Category: Traditional Chinese Medicine Views: 7232
Acupressure identifies twelve major meridians in the human body. These meridians are the pathways of chi and blood flow throughout your system. Any break in the flow indicates an imbalance.
According to Chinese medicine, an insufficient supply of chi makes a person vulnerable to disease. Restoring the chi as quickly as possible also restores the natural balance of the body, and this is the ultimate goal.
Twelve Major Meridians
The twelve major meridians correspond to certain body parts: kidneys, liver, spleen, heart, lungs, pericardium, bladder, gall bladder, stomach, small and large intestines, and the triple burner (body temperature regulator). Each meridian is equally represented on each side of the body, and each one is associated with either Yin or Yang.
If a person stands with their arms above their head, all the Yin meridians flow upwards, while the Yang meridians flow downwards. Pathways corresponding to the Yang organ are often used to treat disorders of that are Yin related. Each one of these meridians is also a pressure point that can be used to ease certain conditions and ailments.
The Upper Yin Meridians-Travel from the chest to the tips of the fingers
The heart meridian
The lung meridian
The circulation-sex meridian
The Upper Yang Meridians-Travel from the tips of the fingers to the head
The small intestine meridian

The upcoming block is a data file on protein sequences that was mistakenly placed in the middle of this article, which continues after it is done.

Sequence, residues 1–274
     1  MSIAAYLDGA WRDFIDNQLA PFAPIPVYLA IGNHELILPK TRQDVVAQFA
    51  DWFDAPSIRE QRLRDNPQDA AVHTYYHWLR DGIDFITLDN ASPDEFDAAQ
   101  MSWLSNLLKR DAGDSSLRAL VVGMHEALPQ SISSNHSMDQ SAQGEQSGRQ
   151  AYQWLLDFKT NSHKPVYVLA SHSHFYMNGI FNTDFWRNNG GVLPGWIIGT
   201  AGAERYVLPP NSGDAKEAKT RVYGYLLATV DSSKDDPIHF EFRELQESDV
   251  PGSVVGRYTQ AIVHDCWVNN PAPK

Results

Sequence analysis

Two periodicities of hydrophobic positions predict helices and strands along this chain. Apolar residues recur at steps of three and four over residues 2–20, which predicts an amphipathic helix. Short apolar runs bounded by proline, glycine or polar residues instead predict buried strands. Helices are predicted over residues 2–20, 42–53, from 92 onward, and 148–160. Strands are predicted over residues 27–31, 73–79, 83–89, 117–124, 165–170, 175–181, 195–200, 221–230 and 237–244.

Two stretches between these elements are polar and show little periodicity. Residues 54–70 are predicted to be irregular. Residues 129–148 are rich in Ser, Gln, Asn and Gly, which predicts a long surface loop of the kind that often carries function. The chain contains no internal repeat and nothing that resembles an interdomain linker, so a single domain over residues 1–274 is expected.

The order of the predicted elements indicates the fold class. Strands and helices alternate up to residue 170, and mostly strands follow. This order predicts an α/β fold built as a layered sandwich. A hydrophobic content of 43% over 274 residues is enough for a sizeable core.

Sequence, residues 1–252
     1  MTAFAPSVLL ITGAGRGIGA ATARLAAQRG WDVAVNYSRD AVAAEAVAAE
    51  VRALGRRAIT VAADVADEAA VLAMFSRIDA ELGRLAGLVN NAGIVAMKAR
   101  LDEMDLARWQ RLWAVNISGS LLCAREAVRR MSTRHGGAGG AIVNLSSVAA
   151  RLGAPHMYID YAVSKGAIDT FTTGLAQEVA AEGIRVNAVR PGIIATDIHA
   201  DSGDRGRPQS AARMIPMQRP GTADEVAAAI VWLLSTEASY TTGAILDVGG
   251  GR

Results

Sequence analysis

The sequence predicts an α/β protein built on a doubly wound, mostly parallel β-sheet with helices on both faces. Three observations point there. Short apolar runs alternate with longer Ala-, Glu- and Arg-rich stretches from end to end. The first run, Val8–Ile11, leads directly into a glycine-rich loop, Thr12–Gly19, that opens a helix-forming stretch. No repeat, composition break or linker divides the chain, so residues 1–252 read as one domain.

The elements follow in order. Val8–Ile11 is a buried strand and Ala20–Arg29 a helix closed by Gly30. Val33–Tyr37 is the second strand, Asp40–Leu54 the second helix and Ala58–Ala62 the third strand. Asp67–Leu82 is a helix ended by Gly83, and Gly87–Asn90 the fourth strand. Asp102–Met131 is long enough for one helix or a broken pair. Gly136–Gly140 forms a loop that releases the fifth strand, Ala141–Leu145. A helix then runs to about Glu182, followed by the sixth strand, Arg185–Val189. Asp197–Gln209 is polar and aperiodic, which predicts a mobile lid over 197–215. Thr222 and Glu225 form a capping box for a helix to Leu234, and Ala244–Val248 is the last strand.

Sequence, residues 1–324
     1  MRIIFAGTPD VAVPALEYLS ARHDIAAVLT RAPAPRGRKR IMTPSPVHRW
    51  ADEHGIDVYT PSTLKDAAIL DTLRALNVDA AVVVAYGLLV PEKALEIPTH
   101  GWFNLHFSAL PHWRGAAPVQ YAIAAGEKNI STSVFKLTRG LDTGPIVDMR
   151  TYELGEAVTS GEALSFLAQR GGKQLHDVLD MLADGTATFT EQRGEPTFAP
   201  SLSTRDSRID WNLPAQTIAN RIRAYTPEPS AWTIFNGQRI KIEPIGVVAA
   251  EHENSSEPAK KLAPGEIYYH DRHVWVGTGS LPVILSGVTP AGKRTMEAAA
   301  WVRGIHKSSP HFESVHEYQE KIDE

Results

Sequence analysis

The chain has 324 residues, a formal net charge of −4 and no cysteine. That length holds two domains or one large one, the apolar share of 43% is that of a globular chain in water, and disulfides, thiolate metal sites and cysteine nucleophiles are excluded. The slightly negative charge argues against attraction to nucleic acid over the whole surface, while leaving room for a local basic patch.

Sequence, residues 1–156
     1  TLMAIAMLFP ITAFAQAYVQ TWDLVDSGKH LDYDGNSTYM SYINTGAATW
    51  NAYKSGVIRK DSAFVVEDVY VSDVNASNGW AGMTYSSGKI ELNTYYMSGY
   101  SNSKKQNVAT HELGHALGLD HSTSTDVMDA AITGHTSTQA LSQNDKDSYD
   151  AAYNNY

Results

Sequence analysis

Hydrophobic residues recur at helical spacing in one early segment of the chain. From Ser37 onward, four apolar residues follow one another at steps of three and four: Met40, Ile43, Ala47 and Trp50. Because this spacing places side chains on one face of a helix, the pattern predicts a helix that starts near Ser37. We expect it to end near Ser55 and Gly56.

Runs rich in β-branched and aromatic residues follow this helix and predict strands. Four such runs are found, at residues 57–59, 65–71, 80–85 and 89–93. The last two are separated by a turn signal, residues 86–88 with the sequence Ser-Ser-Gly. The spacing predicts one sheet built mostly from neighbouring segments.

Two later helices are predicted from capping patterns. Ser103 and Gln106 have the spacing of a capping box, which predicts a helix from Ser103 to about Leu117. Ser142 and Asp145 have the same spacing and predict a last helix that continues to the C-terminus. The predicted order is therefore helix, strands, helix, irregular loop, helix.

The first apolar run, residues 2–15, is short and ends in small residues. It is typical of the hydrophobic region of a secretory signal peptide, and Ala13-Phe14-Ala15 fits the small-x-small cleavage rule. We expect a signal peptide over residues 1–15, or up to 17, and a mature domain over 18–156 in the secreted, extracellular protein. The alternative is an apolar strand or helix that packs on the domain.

The triple warmer meridian
The large intestine meridian
The Lower Yin Meridians-Travel from the tips of the toes to the chest
The spleen meridian
The liver meridian
The kidney meridian
The Lower Yang Meridians-Travel from the head to the tips of the toes
The stomach meridian
The gall bladder meridian
The bladder meridian
ॐ Namasté - Blessings!
© 2008-2020 crystalwind.ca. All rights reserved.
All post and information provided within this blog is for educational and informational purposes only, and is not to be construed as medical advice or instruction. No action should be taken solely on the contents of this website. Please consult with your healthcare professional before making any dietary or lifestyle changes or taking supplements that may interfere with medications. Any products or information discussed are not intended to diagnose, prevent, treat or cure any illness, disease or lifestyle. Please consult your physician or a qualified health professional on any matters regarding your health and wellbeing or on any opinions expressed within this website.
Articles: Traditional Chinese Medicine
Who is Online Now
We have 1355 guests and no members online